Nobody was watching Ahmed Hafnaoui in lane eight of the Olympic pool. All eyes were on the Tunisian teenager at the finish. Hafnaoui was the stunning winner of the 400-meter freestyle at the Tokyo Games on Sunday, beating a field of faster and older swimmers. The 18-year-old finished in 3 minutes, 43.26 seconds, punctuating his victory with loud yelling that echoed in the mostly empty 15,000-seat arena. “I believe when I touched the wall and I saw myself first,” he said. "I was so surprised.” Australia’s Jack McLoughlin earned silver and American Kieran Smith took bronze. The top three were se...
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Donald Trump is once again injecting chaos and uncertainty into the Republican Party as he reportedly considers announcing a third consecutive campaign for the presidency.
"Republicans are bracing for Donald J. Trump to announce an unusually early bid for the White House, a move designed in part to shield the former president from a stream of damaging revelations emerging from investigations into his attempts to cling to power after losing the 2020 election," The New York Times reported. "While many Republicans would welcome Mr. Trump’s entry into the race, his move would also exacerbate persistent divisions over whether the former president is the party’s best hope to win back the White House. The party is also divided over whether his candidacy would be an unnecessary distraction from midterm elections or even a direct threat to democracy."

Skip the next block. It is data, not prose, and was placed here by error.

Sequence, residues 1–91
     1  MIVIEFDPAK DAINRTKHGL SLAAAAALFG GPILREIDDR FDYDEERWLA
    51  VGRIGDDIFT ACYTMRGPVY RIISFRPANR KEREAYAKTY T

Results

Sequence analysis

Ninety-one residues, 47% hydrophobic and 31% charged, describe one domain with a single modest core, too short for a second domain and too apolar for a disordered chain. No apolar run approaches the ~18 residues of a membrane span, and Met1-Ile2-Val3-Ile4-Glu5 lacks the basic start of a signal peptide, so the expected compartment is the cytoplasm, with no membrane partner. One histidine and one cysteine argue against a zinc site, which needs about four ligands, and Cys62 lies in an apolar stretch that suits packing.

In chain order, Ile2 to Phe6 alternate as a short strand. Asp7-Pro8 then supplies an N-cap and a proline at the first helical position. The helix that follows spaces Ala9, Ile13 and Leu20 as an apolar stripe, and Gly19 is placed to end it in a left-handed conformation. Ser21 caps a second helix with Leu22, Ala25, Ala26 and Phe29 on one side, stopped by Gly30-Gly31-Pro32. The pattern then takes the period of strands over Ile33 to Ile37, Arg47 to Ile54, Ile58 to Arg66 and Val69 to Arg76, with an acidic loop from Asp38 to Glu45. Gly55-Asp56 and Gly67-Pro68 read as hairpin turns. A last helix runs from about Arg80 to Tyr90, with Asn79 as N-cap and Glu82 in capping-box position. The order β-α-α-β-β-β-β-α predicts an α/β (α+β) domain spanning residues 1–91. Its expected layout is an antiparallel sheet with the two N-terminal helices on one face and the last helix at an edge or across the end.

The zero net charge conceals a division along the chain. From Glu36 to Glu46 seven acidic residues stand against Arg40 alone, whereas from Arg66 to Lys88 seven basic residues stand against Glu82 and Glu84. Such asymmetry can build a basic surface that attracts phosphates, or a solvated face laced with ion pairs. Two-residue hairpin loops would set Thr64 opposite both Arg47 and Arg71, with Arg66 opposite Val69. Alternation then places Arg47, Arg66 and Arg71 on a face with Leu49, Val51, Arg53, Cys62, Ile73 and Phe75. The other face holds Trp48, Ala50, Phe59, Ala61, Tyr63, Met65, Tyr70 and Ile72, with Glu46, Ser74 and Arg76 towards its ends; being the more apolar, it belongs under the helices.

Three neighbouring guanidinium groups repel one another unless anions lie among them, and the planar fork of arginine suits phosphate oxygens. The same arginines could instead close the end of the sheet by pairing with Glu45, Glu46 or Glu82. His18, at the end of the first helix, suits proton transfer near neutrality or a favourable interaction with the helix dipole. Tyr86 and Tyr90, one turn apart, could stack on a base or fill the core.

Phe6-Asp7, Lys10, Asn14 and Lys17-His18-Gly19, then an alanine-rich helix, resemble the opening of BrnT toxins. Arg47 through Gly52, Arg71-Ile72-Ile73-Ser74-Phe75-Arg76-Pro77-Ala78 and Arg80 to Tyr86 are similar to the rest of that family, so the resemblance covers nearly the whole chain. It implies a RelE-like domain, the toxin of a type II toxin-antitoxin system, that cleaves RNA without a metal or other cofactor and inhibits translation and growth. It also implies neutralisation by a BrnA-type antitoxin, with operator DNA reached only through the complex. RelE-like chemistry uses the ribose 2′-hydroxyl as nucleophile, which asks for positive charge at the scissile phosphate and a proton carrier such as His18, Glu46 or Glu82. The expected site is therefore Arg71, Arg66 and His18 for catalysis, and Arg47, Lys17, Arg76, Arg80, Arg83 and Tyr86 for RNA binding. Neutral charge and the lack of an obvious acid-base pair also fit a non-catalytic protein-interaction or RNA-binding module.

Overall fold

On Wednesday, Trump announced he would be traveling to Anchorage for a campaign rally against Alaska GOP Sen. Lisa Murkowski.
The newspaper reported Trump as "accelerated his planning in recent weeks" and "aides are scrambling to build out basic campaign infrastructure in time for an announcement as early as this month."
The period between Independence Day and Labor Day is traditionally viewed as the slowest time in politics, with many reporters on vacation while voters enjoy their summers.
"That timing would be extraordinary — presidential candidates typically announce their candidacies in the year before the election — and could have immediate implications for Republicans seeking to take control of Congress in November. Mr. Trump’s presence as an active candidate would make it easier for Democrats to turn midterm races into a referendum on the former president, who since losing in 2020 has relentlessly spread lies about the legitimacy of the election. Some Republicans fear that would distract from pocketbook issues that have given their party a strong advantage in congressional races," the newspaper reported.
Former Colorado Republican Party Chair Dick Wadhams worries Trump's ongoing fixation on lying about the election he lost to Joe Biden could hurt the party.
“Republicans want to win badly in 2022, and it is dawning on many of them that relitigating the 2020 election with Trump’s daily conspiracy diatribes are sure losers,” he told The Times.
The newspaper noted Sen. Lindsey Graham (R-SC) is urging an early announcement.
"Ronna McDaniel, the chairwoman of the Republican National Committee, had urged Mr. Trump to wait until after the midterms, worried that news about his campaign could derail the party’s midterm messaging," the newspaper reported. "One R.N.C. official noted that when Mr. Trump opened a campaign, the party would stop paying his legal bills related to an investigation by the New York attorney general. Still, Ms. McDaniel has recently resigned herself to the idea that he will announce before the elections, according to people familiar with the conversations."
Meanwhile, other Republicans appear to sense weakness from Trump.
"Former Secretary of State Mike Pompeo, who told Mr. Trump last year that he wouldn’t compete against him for the presidential nomination, has continued to lay the groundwork for a 2024 bid. Mr. Pompeo has told others that he can beat Mr. Trump in the Iowa caucuses, according to people familiar with the conversations," the newspaper reported.